Published in Memorie della Società Astronomica Italiana, Special Number1, Vol. 3, pp. 257-262 (2002).

FLAT WORLDS:TODAY AND IN ANTIQUITY

DIDIER DE FONTAINE

University of California, Berkeley, CA, 94720 USA

ABSTRACT

So, Euclid was right after all! Very recent results from two largely independent astrophysics groups have shown the geometry of the Universe to be practically "flat", meaning that the radius of curvature of space as a whole is extremely large with respect to the radius of the observable Universe. It is interesting to compare this finding with the pre-Hellenistic belief that the world was flat, at least on the scale of the observable universe of the times. In such early days, the religious implications of the flat geometry were straightforward: the assumed three-tiered universe, Hell - Earth - Heaven, defined a unique "morality vector" pointing straight up. Later Greco-Roman introduction of curvature, with the attendant loss of a unique direction, must have played philosophical and religious havoc on the culture of the times. It remains to be seen whether the new concepts of accelerated universal expansion, flatness, dark matter, "quintessence", will be as disturbing to present culture and religion as were previous scientific revolutions.

 

As inhabitants of the cosmos, the way we conduct our lives has been deeply influenced by the world around us, and our thoughts and beliefs by our perception of the Cosmos, a world view which has changed dramatically in the course of time, and continues to evolve at an ever-accelerating pace. Today, we can chart the evolution of cosmology, the technical term for world perception, by examining the historical record of ancient myths and religions as narrated in philosophical and theological writings and illustrated by works of art; i.e. by looking at the influence of astronomy on art, precisely the topic of this Conference.

These last few years, extraordinary developments have occurred in our conception of what the universe may be like, and many unanswered questions have been raised. It may therefore be of some use to inquire how the evolution of cosmological concepts influenced everyday life and art in the past. "In the beginning", to borrow from Genesis, the earth must have appeared generally flat to early man, perhaps a disk a few hundred kilometers in diameter. Life on our home disk must have seemed bewildering, chaotic, painful, unpredictable.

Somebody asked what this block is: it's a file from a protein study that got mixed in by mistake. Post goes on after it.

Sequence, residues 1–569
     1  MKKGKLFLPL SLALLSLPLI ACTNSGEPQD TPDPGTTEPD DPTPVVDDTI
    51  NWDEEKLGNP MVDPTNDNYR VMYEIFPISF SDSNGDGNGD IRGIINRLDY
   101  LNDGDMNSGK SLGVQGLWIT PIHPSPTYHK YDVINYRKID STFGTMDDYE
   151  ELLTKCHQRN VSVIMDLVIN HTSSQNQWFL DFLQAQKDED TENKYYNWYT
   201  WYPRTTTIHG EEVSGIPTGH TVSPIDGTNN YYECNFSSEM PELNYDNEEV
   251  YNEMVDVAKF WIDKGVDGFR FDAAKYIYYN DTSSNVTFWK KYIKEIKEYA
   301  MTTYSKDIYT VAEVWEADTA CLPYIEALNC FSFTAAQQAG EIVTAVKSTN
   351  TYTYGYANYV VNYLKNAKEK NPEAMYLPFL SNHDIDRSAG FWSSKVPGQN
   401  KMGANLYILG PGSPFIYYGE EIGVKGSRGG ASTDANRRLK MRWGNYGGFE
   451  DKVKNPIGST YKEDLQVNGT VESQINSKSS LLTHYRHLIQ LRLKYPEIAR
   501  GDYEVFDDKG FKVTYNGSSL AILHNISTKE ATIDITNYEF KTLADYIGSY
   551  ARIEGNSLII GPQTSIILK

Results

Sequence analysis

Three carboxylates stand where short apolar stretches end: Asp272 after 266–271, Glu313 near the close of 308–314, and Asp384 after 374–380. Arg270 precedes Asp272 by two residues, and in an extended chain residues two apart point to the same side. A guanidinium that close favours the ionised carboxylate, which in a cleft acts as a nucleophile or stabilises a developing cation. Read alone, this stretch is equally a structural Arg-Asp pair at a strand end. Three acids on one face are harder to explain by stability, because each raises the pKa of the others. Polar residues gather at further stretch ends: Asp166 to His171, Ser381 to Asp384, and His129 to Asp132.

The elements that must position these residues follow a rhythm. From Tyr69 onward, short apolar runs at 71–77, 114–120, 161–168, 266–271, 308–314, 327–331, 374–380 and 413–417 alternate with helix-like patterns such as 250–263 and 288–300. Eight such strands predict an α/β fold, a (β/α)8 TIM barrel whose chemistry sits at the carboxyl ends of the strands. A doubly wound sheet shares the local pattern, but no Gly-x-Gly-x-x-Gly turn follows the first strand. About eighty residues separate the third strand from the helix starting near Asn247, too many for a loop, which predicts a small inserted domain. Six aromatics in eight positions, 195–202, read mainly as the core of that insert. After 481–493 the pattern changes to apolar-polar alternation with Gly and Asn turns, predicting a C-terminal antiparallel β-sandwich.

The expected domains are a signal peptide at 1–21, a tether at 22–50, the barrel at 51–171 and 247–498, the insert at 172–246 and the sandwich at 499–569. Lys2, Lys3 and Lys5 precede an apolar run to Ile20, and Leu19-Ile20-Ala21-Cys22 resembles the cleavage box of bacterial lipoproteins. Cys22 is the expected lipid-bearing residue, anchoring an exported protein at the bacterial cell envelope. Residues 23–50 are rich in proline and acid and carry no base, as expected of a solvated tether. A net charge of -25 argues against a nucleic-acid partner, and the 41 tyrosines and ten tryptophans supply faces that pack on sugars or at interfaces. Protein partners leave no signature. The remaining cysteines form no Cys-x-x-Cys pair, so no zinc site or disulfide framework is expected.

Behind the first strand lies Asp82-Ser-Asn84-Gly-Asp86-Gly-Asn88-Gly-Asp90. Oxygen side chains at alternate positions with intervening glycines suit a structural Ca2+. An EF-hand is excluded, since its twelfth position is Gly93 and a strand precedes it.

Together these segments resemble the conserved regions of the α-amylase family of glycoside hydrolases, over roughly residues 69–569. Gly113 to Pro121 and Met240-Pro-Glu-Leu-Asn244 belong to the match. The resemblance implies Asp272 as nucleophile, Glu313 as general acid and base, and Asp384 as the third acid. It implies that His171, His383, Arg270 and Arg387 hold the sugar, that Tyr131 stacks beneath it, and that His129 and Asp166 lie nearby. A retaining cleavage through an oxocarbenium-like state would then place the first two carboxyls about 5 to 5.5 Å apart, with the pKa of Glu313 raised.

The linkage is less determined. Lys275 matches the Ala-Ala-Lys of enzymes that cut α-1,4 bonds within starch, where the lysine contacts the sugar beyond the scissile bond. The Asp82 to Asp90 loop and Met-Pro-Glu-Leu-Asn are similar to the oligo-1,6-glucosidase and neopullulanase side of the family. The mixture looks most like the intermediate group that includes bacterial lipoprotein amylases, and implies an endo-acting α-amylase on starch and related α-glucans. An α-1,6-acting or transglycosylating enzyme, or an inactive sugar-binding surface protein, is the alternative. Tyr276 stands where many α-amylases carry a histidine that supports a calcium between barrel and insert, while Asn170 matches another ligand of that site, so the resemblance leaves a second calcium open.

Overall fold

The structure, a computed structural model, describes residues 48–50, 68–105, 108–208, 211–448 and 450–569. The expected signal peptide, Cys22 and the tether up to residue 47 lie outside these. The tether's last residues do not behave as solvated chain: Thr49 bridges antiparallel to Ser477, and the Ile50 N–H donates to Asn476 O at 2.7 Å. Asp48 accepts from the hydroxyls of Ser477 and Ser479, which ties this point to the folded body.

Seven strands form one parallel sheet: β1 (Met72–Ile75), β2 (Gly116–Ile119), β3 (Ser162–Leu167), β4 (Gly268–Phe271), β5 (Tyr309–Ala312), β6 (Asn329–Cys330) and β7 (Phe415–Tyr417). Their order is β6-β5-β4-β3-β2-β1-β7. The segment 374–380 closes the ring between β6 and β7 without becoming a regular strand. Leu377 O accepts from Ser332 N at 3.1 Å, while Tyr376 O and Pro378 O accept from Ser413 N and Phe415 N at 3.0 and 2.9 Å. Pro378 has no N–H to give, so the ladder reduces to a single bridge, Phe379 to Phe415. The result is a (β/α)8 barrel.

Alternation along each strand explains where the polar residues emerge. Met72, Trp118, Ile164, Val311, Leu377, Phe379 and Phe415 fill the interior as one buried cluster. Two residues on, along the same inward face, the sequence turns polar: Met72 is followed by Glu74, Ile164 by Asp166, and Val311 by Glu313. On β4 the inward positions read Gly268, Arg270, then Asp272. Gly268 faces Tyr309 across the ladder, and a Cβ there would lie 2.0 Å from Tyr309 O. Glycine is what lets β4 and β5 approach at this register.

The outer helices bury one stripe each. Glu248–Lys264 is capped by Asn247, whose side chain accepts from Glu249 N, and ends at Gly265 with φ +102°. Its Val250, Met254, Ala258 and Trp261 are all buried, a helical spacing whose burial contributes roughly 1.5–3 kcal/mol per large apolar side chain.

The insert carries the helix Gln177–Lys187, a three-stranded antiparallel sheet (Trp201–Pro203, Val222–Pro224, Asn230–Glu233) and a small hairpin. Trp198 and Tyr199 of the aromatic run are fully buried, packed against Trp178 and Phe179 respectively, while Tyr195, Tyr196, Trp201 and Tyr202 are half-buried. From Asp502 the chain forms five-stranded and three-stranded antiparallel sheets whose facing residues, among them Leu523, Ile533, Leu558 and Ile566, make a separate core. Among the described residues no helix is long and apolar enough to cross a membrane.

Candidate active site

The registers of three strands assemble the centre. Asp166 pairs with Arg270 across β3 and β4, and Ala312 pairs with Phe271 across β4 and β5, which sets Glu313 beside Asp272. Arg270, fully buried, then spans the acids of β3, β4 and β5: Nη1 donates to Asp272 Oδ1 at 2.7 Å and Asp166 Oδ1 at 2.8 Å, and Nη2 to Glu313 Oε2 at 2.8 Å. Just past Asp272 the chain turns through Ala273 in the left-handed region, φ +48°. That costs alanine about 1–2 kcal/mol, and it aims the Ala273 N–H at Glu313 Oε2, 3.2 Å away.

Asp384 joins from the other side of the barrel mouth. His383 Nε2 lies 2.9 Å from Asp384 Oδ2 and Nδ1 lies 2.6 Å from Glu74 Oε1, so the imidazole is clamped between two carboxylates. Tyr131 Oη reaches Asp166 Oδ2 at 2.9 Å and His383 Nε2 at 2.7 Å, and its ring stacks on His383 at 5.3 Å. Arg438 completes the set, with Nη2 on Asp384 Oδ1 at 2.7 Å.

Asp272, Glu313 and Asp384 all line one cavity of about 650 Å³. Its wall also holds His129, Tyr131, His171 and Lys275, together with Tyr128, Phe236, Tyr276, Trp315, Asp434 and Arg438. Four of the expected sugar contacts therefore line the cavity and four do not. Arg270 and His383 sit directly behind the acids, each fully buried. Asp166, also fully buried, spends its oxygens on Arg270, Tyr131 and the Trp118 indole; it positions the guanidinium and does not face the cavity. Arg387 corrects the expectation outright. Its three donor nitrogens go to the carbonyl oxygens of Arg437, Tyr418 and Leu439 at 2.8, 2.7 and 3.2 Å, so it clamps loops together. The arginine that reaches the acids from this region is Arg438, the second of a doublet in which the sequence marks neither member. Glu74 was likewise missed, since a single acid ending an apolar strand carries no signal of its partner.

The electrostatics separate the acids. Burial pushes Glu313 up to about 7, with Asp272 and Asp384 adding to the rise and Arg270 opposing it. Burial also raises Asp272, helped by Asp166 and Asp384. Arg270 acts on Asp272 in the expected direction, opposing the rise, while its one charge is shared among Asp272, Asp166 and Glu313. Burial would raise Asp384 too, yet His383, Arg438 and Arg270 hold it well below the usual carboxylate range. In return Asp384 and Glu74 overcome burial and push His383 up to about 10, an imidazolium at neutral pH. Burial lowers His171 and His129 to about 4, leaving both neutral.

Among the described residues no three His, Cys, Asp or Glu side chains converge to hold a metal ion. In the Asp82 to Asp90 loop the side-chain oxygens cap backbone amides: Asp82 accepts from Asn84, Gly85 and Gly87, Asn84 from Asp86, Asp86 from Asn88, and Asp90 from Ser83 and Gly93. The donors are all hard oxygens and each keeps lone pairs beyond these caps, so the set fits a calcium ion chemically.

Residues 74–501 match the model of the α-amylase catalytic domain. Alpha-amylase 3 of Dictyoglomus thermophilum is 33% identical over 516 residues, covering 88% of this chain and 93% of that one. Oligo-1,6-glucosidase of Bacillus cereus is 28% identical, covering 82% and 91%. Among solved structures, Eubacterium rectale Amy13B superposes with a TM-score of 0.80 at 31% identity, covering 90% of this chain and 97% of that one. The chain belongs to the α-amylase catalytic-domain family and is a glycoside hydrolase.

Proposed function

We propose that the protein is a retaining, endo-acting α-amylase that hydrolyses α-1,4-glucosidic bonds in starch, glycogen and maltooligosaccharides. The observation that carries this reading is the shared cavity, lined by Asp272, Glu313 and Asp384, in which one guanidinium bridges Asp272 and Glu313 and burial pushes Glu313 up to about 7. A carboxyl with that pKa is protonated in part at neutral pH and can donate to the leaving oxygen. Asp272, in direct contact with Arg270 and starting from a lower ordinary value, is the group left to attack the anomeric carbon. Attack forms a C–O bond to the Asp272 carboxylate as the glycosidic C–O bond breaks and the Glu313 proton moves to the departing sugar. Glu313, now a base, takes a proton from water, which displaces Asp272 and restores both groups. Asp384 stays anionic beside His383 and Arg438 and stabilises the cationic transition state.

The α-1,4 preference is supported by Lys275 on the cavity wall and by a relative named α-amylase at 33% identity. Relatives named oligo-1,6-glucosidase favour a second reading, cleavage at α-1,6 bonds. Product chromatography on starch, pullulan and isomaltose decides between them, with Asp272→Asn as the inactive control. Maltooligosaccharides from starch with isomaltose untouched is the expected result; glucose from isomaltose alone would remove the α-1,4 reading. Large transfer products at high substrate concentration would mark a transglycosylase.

Figure 1. Early flat-earth cosmology with starry dome above and the underworld below, featuring the vector of good and evil

The only portion of the cosmos which made sense, because regular and predictable, was that of heaven with its well-behaved movement of planets and stars (though the distinction between the two did not exist at the time). Surely only gods could ordain such a structured universe. It followed that the only way for us lowly terrestrial creatures to cope with life and its random complexities was to read the mind of the gods (or God), to propitiate the divinities by offerings, sacrifices, prayers, rituals. Therefore the heavens (or Heaven) must be the locus of all that is good in the world, while the earth is but the locus of what is mediocre, neither very good nor very bad. What about the subterranean locus beneath our feet? Surely, that is not a nice place: it is the realm of the dead -- since we bury our dead -- and also the realm of hellish fire which appears to us occasionally in the form of red-hot lava flows which destroys crops, habitats, people, everything that lies in their path. Hence, the underworld is the realm of evil, one that can only be mentioned by God-fearing people in hushed tones, if at all. To this simplistic view corresponds an equally simple cosmology, depicted schematically in Figure 1. This vertical section of the ancient universe features the one-dimensional stratification: Hell —Earth —Heaven, with its fixed progression from bad, to mediocre, to good. I have therefore indicated that progression by a vector, the vector of good and evil. How convenient: early cosmology has morality built into it; there was perfect agreement between science and theology, between astronomy and astrology. How long did this happy state of affairs last? The answer of course depends on which culture one is referring to, and in a given culture, what stratum of the population. In Mesopotamia, early Egypt, Biblical Israel, early Greece, the flat-earth model was unchallenged, as described for example in J. E. Wright's interesting monograph "the Early History of Heaven" (2000). In classical Greece, the presocratic philosophers, such as Leucippus
(ca. 440 BCE) and Democritus (ca. 460-370 BCE) apparently believed in a flat earth, at least according to Aristotle, for we have few extant writings by the presocratics concerning their favored cosmological models. Aristotle himself (324-322 BCE) and also Plato (427-347 BCE) however, had reasons to maintain that the earth had to be spherical. Somewhat later, Eratosthenes (ca. 275-195 BCE) actually measured the radius of the earth, leaving no doubt, at least in the educated public, as to the earth's overall sphericity. How much of this knowledge trickled down to ordinary people is hard to ascertain.

Figure 2. "The third day of creation", outside panel of Bosch's Garden of Earthly delights